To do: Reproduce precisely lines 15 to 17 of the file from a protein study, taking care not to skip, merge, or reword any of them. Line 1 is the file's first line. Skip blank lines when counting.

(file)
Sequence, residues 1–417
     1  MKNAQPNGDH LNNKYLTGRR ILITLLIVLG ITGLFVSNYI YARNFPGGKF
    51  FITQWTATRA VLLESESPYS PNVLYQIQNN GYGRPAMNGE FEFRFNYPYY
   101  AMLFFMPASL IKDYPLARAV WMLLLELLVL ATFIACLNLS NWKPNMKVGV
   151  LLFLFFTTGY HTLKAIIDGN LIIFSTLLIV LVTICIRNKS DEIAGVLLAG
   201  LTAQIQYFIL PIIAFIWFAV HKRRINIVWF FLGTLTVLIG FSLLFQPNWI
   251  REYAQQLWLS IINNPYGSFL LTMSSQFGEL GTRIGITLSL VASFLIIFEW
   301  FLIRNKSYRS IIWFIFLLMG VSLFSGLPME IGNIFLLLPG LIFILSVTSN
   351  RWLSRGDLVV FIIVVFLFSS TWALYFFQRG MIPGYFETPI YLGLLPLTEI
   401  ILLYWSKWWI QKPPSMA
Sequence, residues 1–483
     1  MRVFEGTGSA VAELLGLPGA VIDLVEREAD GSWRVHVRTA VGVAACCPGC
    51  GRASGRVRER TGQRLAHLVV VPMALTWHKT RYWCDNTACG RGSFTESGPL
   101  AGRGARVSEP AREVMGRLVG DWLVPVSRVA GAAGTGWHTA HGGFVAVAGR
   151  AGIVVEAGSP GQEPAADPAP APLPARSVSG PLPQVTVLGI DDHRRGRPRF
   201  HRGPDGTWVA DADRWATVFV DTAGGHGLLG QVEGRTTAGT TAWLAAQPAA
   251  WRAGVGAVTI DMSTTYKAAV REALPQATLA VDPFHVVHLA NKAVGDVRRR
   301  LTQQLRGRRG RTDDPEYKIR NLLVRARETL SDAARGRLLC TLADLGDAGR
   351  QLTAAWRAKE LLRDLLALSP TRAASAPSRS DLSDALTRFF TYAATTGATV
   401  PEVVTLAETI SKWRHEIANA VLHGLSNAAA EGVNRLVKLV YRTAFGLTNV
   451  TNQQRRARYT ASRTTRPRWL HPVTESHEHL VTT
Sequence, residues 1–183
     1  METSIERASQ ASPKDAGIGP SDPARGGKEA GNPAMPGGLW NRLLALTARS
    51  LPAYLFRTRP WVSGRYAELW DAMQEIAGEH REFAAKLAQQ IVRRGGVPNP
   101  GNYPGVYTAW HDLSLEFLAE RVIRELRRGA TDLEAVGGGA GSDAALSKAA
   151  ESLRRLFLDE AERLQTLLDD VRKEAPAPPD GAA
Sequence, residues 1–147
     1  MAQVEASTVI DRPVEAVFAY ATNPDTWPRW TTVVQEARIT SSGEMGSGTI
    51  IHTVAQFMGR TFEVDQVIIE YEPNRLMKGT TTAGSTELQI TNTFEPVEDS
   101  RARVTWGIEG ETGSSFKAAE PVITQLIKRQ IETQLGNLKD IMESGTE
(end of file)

   151  AGIVVEAGSP GQEPAADPAP APLPARSVSG PLPQVTVLGI DDHRRGRPRF
   201  HRGPDGTWVA DADRWATVFV DTAGGHGLLG QVEGRTTAGT TAWLAAQPAA
   251  WRAGVGAVTI DMSTTYKAAV REALPQATLA VDPFHVVHLA NKAVGDVRRR